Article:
This Presentation Cannot Be Edited Because It Contains a Read-Only Embedded Font

This Presentation Cannot Be Edited Because It Contains a Read-Only Embedded Font

Created: Monday, September 6, 2004, posted by at 9:37 am

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Let us assume you received or created a presentation in a version earlier than PowerPoint 2003 for Windows (97, 2000, 2002). You probably have fonts embedded within the presentation.

Now you open it in PowerPoint 2003, and you find you cannot edit the presentation. PowerPoint tells you that “This presentation cannot be edited because it contains a read-only embedded font.”

Why does this happen? Is there a solution?

Let’s start at the very beginning by discussing font licensing. Fonts are created by various companies, commonly known as font foundries. Some of these companies do not mind if their fonts are embedded in presentations. Others do not like that idea too much. To identify which fonts allow embedding or otherwise, most fonts have some code attached to them which allows an application to know whether the font can be embedded or not. If you want to know if a particular font allows embedding, you can download Microsoft’s free Font Properties Extension.

PowerPoint on Windows has always enabled font embedding and versions before 2003 allowed you to open and view presentations even if you did not have the actual restricted and embedded fonts installed on a local machine. You could then replace the fonts and edit the presentation as required, and finally, save the presentation to a new file.

In PowerPoint 2003, Microsoft implemented an algorithm that does not allow you to edit any presentation that contains a restricted, embedded font that is not installed on your system. You cannot even replace the fonts and save a presentation to a new file.

Not surprisingly, this creates so many issues for users of PowerPoint everywhere.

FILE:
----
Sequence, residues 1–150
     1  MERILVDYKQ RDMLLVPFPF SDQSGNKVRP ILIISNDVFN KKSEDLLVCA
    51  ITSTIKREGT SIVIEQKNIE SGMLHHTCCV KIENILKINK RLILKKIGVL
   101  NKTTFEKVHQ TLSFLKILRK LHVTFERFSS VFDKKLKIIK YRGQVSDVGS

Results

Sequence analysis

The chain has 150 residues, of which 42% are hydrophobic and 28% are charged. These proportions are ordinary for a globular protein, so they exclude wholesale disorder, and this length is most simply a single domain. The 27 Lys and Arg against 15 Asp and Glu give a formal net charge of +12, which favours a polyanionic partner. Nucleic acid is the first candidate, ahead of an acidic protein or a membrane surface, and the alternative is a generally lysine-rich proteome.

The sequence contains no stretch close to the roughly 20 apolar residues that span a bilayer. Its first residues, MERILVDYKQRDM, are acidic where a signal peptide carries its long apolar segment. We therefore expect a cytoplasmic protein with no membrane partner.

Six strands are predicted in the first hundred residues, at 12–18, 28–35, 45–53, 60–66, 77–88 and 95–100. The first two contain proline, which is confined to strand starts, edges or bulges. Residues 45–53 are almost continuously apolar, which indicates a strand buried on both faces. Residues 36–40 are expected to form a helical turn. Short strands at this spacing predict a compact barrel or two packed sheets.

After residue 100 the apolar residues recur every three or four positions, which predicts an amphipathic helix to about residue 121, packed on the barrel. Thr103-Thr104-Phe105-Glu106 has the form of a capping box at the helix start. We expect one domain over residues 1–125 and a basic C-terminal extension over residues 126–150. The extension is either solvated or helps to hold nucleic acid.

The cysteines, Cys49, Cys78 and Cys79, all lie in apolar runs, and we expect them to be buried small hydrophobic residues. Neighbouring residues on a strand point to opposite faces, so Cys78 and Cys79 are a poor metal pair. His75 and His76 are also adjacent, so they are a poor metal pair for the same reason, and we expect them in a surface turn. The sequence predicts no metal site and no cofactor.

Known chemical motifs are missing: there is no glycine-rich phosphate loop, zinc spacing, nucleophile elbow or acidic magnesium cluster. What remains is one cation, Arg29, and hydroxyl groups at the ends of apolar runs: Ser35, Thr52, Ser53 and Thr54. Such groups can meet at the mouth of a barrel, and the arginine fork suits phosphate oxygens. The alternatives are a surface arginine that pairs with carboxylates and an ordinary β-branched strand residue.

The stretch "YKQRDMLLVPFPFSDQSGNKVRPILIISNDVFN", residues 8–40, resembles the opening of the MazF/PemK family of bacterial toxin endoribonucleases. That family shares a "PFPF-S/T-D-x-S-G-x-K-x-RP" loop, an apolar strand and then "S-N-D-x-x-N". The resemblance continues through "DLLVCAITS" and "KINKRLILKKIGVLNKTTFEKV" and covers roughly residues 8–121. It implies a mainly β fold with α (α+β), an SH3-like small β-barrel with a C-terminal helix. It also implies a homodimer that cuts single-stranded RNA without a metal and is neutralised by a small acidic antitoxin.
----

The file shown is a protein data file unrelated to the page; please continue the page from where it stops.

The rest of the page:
Here are some solutions:

  1. Remove Font Embedding in an Older Version. Open the presentation again in PowerPoint 97, 2000 or 2002 and remove the “font embedding” option. Also, change the font to something more generic using the Format | Replace Font option. Resave to a new presentation. If you do not have access to an older version of PowerPoint, request a friend or colleague to do it for you.
  2. Install an Additional, Older Version of PowerPoint. If you have an older version of PowerPoint on CD-ROM, you can install more than one version of PowerPoint on the same system. The only caveat apart from using extra hard disk space is that you will have to uninstall Office/PowerPoint 2003 or another newer version, and then install the older version. Then reinstall PowerPoint 2003 or another newer version. This way you have access to more than one version of PowerPoint on a single system.
  3. Install the Missing Font. If you own a license for the missing font, or if you bought one, install it on your PowerPoint equipped system.

Hopefully, one of these solutions will help you solve this problem, and PowerPoint will no longer complain, “This presentation cannot be edited because it contains a read-only embedded font.”

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